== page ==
1

Figure 4-10b

Better solution: use pool of system buffers

send and receive each use intermediate system buffer(s) to hold message(s)

system simply copies messages from/to user buffers sbuf/rbuf to/from system buffers

SB-Message Passing

2

Send copies sbuf to a system buffer

sender is free immediately after copy is mode

non-blocking with large pool of buffers

sender may continue generating messages

until no more system buffers are available (block!)

selective sends include send/recv process IDs

System copies (or reallocates) full buffers to receiver

asynchronous

SB-Message Passing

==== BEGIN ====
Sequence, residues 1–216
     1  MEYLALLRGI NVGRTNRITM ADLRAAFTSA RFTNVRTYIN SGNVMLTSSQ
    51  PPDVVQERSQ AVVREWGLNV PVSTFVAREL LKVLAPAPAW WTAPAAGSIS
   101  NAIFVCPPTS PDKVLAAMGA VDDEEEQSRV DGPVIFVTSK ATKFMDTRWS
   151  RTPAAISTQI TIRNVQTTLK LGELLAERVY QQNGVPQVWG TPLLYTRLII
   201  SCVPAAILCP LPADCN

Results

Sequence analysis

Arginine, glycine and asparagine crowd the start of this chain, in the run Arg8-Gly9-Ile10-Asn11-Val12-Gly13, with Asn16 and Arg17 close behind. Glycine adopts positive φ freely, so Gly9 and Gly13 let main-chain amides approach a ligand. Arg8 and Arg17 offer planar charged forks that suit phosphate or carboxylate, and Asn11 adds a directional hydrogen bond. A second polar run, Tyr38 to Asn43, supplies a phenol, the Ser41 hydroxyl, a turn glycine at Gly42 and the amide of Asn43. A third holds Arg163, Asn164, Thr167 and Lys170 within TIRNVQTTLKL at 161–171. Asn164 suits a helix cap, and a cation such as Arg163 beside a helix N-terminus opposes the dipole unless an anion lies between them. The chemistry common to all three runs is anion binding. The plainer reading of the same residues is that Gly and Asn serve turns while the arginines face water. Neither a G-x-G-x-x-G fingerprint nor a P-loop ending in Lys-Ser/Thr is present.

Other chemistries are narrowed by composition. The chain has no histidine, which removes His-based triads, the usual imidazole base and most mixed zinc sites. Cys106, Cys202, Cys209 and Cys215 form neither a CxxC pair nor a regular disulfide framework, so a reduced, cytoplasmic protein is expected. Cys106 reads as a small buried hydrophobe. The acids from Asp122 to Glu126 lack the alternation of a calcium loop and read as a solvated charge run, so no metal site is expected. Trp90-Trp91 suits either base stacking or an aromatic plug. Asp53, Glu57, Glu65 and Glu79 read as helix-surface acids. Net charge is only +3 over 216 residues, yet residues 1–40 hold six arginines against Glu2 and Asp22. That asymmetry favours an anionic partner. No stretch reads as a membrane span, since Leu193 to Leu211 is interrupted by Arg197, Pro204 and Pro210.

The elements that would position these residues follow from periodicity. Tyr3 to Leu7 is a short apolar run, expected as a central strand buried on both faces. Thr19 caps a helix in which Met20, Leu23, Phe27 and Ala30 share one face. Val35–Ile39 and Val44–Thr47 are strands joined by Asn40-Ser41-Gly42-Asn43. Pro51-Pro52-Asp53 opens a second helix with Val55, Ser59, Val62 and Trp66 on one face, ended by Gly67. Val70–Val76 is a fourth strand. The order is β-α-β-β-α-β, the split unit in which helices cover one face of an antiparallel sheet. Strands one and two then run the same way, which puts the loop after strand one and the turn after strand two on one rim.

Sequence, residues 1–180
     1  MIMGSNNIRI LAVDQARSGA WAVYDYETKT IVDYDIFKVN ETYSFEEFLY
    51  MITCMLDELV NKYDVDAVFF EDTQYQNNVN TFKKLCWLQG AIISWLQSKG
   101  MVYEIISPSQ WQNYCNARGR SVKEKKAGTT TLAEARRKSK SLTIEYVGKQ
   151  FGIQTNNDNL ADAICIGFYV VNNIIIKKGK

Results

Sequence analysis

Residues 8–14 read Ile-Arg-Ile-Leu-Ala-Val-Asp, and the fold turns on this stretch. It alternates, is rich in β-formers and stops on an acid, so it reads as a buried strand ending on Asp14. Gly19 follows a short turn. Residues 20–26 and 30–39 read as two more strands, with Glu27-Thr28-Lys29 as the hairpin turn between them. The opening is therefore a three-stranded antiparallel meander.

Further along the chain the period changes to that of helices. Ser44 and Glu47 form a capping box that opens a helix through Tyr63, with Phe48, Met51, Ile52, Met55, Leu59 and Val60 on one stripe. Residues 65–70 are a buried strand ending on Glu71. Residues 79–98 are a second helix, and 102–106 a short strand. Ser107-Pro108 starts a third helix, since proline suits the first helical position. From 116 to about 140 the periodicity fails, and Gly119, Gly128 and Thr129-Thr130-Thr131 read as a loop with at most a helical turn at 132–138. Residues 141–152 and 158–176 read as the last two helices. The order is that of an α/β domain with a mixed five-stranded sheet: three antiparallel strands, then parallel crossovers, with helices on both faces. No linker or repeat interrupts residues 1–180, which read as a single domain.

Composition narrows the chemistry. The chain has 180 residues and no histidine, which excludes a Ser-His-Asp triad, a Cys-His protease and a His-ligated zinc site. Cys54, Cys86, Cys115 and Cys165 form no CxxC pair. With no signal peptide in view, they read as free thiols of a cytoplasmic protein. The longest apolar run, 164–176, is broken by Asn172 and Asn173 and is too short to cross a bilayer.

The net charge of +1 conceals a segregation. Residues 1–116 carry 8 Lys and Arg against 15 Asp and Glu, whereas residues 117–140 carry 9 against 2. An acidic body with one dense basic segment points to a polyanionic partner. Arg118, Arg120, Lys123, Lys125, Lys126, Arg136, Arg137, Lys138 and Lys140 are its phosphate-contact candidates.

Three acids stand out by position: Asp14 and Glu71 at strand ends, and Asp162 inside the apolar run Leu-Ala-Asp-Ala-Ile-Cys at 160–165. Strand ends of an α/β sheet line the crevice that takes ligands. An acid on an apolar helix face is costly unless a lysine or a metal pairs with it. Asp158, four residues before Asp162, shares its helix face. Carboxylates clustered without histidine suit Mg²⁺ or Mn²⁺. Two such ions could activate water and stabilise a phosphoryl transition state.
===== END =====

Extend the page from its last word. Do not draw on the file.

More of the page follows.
3

Receive copies a system buffer to rbuf

frees consumed system buffer

receiver decides when to reuse rbuf for next message

Blocking if no more system buffers with messages are available

non-blocking: returns corresponding error condition

Networked Message Passing

Networked Message Passing Figure 4-10c • Use of system buffers important in distributed systems – no

Figure 4-10c

Use of system buffers important in distributed systems

no shared memory between CPUs

large delays in message transmissions

extra processing:

packeting, routing, error handling etc.

Interrupts

Unpredictable event that forces transfer of control from running process

abstraction and handling of asynchronous events

external: generated by hardware (asynchronous)

I/O completion or GUI handling

internal: consequence of current computation (synchronous)

exceptional (error) conditions (also called exceptions or traps)

Interrupt Handling

1

Example: external hardware device accessed by process p via procedure Fn